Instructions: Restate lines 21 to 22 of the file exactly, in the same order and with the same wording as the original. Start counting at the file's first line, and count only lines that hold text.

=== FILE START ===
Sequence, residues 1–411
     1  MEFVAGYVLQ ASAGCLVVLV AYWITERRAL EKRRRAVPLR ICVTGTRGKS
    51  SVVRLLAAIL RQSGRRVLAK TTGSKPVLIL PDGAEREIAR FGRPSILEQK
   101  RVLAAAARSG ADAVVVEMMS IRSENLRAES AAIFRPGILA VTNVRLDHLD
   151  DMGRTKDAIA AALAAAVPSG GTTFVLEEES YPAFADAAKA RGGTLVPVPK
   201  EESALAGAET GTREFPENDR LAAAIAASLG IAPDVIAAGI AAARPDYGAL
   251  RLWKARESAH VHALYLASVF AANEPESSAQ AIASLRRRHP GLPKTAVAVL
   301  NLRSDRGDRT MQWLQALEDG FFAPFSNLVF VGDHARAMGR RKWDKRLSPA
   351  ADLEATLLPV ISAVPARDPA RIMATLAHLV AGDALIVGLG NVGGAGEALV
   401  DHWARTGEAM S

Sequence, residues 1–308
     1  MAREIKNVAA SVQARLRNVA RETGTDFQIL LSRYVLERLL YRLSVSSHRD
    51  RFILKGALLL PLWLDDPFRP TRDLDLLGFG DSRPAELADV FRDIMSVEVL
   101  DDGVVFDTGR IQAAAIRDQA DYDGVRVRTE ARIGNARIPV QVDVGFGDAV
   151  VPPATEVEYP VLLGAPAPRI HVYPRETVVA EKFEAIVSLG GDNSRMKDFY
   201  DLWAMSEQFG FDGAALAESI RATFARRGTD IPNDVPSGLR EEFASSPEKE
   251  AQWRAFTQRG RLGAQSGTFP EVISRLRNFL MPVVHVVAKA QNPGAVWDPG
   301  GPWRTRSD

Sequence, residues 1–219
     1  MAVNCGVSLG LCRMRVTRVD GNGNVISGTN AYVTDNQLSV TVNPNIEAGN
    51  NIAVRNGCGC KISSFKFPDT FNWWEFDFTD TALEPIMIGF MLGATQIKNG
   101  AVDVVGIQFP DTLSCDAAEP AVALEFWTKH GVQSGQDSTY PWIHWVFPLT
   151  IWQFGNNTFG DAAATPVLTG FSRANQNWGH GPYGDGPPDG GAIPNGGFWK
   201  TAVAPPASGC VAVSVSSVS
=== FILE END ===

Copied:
    51  NIAVRNGCGC KISSFKFPDT FNWWEFDFTD TALEPIMIGF MLGATQIKNG
   101  AVDVVGIQFP DTLSCDAAEP AVALEFWTKH GVQSGQDSTY PWIHWVFPLT